2. The view’s “If documents exist” options; { ask, replace, skip, stop }
  3. The sequence’s “Show dialogs” options; { always, optionally, never }
  4. The sequence’s “On error” options; { continue, return, stop }

When a sequence is showing dialogs (always or optionally when the Option key is down) the process is straightforward: all dialogs are shown. But when a sequence is not showing dialogs (optionally without the Option key down ornever) and the “If documents exist” property is set to ask, dialogs asking whether or not to replace the document will be displayed. That is, the view’s ask option takes precedence over the sequence’s option to not display dialogs. It may help to understand this if you consider that the option to ask before replacing a document is actually a function of the Export… command, not of the sequence itself. Stated the other way: a seuqence’s “Show dialogs” option applies to the steps in the sequence, not to the actions those steps perform.

When the user is prompted to deal with a duplicate and chooses to ‘stop’ the export process, the export is immediately stopped and control is returned to the sequence, where the “On error” property determines whether the sequence will continue with the next step, return control to the parent sequence (if one exists) or stop entirely. It is important to understand that the Export… command was stopped and control returned to the sequence.

When a sequence is set to continue on error, it proceeds with the next step in that sequence. When a sequence is set to stop on error, the entire sequence chain is stopped. When a sequence is set to return on error, the user is prompted to stop or continue the sequence itself. This “slightly anomalous” specification was implemented to give collection designers access to all three potential options (continue, stop, or let the user decide) when a sequence is interrupted by a stop within a command.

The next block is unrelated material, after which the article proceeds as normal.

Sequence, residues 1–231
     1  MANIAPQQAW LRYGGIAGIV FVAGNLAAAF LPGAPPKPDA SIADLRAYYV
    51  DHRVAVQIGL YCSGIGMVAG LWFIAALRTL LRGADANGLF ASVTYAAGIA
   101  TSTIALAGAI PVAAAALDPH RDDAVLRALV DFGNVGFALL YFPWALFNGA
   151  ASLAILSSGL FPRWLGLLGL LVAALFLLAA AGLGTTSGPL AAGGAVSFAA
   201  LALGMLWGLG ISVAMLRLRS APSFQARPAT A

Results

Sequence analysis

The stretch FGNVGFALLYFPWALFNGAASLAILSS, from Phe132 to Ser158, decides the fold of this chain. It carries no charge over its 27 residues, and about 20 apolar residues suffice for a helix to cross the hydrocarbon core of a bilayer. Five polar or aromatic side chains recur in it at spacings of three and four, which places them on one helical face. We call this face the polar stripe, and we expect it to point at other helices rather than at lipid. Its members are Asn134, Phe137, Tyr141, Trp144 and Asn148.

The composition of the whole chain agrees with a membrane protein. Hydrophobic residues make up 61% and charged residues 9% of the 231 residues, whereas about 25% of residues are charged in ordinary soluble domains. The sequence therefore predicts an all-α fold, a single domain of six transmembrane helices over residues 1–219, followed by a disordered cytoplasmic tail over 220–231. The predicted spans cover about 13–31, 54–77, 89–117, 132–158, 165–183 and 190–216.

An externally stored document being exported “on stored path” is always skipped: exporting a file to itself is pointless.

An externally stored document being exported “with control file” is skipped if the stored path is the same as the control file location: exporting a file to itself is pointless.

Additional Notes

Helix has a facility for automatically renaming a document when exporting would replace an existing document, but this is not implemented in any version of Helix. (It is used for other purposes when the ‘Keep Versions’ property is true.) If you have suggestions for how this may be incorporated in a feature update, we invite your feedback.

Although this facility is not currently used, it has been improved in the following ways:

  • Previously, Helix appended a character to the end of the file name. Helix now more closely follows the macOS model of putting a space between the filename and the unique identifier. That is, a duplicate of a file named “sunset.jpg” now becomes “sunset 2.jpg” instead of “sunset.jpg0” as it would have before.
  • Like the Finder, Helix now starts numbering duplicated documents at 2, instead of 0. Unlike the Finder, after 2–9 comes A–Z. (The Finder uses 10, 11 …)